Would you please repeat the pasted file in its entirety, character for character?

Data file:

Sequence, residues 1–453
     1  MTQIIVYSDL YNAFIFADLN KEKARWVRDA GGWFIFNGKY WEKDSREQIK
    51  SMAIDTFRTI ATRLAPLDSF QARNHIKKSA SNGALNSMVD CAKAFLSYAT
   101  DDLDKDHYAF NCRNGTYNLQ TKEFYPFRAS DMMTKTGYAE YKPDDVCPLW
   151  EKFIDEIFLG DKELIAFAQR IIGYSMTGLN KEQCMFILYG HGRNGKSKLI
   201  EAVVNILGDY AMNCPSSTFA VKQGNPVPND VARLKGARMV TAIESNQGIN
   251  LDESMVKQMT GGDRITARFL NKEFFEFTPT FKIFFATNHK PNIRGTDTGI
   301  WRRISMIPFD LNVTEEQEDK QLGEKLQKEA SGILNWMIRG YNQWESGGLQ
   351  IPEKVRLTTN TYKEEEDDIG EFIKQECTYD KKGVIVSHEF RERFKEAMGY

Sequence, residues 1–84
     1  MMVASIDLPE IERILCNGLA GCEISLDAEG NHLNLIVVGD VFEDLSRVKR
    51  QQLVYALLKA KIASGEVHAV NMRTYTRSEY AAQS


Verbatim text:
Sequence, residues 1–453
     1  MTQIIVYSDL YNAFIFADLN KEKARWVRDA GGWFIFNGKY WEKDSREQIK
    51  SMAIDTFRTI ATRLAPLDSF QARNHIKKSA SNGALNSMVD CAKAFLSYAT
   101  DDLDKDHYAF NCRNGTYNLQ TKEFYPFRAS DMMTKTGYAE YKPDDVCPLW
   151  EKFIDEIFLG DKELIAFAQR IIGYSMTGLN KEQCMFILYG HGRNGKSKLI
   201  EAVVNILGDY AMNCPSSTFA VKQGNPVPND VARLKGARMV TAIESNQGIN
   251  LDESMVKQMT GGDRITARFL NKEFFEFTPT FKIFFATNHK PNIRGTDTGI
   301  WRRISMIPFD LNVTEEQEDK QLGEKLQKEA SGILNWMIRG YNQWESGGLQ
   351  IPEKVRLTTN TYKEEEDDIG EFIKQECTYD KKGVIVSHEF RERFKEAMGY

Sequence, residues 1–84
     1  MMVASIDLPE IERILCNGLA GCEISLDAEG NHLNLIVVGD VFEDLSRVKR
    51  QQLVYALLKA KIASGEVHAV NMRTYTRSEY AAQS